• westseattleite January 14, 2008 (3:13 pm)

    My husband and I live down the street from this house and we were hoping someone was going to move it, but I will say we looked in the windows three months ago before they were boarded up and it’s a mess. A lot of things had been ripped out already.

  • Pelicans January 14, 2008 (3:30 pm)

    My God, what a beautiful house! Can’t it be moved. If the owners of the property are interested in profit, why don’t they at least sell it?

  • Indaknow January 14, 2008 (7:14 pm)

    The house that my great-grandparents owned and my now-deceased grandfather was born in (1919) was torn down a few years ago to make room for 6 townhomes. When I drive by them (California and Willow) it still makes me sad. The house was in pretty bad shape at the time (my family hadn’t owned in since 1962), but looking at all of the old pictures of it in it’s prime….I wish it could have been different. The developers did let us take some bricks and stones from the fireplace after it had been dozed down. I had always thought it was river rock, but the side of the rocks that were unexposed for all of those years had barnacles on them. Can you imagine hauling those rocks up from the beach in the early 1900s? sigh.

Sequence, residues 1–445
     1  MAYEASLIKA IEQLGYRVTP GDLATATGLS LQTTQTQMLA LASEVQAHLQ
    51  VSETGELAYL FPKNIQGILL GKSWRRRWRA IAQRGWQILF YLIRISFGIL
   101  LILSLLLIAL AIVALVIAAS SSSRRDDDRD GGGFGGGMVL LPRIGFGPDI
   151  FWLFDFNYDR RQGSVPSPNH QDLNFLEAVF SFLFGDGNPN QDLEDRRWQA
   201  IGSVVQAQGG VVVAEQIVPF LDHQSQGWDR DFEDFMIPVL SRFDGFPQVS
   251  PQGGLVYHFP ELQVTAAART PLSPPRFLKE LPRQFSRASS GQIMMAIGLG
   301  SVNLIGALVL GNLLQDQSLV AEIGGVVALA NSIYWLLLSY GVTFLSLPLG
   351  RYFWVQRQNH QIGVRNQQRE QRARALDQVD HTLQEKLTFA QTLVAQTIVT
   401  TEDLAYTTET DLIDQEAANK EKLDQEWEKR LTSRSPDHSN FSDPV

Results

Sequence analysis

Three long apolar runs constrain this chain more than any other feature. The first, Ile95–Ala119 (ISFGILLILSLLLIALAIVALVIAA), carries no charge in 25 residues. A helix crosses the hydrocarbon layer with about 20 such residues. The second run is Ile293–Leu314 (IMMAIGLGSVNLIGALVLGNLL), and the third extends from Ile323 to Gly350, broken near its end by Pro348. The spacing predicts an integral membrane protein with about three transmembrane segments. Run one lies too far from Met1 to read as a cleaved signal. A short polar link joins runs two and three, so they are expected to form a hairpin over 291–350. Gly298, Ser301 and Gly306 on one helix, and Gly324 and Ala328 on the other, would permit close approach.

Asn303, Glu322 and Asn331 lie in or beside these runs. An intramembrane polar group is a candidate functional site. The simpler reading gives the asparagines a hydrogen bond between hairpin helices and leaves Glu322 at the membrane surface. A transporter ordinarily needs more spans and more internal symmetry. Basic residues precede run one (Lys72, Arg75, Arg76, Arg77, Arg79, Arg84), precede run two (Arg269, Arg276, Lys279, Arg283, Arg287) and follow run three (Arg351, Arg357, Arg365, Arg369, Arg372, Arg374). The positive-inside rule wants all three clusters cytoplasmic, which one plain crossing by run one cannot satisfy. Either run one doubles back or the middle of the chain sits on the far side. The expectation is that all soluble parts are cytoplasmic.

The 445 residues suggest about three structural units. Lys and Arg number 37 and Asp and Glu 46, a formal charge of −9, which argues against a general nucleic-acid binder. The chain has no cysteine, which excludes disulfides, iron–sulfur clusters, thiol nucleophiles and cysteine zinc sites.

• Picklemom January 14, 2008 (7:15 pm)

    carraignasplinkeen, I think the other poster meant “history” as in what make a place unique, as in what gives a place character, as in a reference, a past, a figurative and literal foundation. People who favor density at all costs are simply “dense”! Traffic and pollution are worsening. Charm and individuality are diminishing.

  • Ron January 14, 2008 (8:22 pm)

    The reason builders are putting up these mostly ugly boxes is because the cost of land is so high, this is the only way they can make any money on a project. Making money may sound evil to some people, but do you donate your labor to your employer? I live on a street near the Ferry Dock where there have been 2 building lots for sale for the past year. The price is reasonable, but it’s zoned residential and builders aren’t interested in paying that much for a lot with only one house per lot, just like you wouldn’t put in 40 hours per week at McDonalds if Microsoft offered you a job.

  • Chet January 14, 2008 (9:51 pm)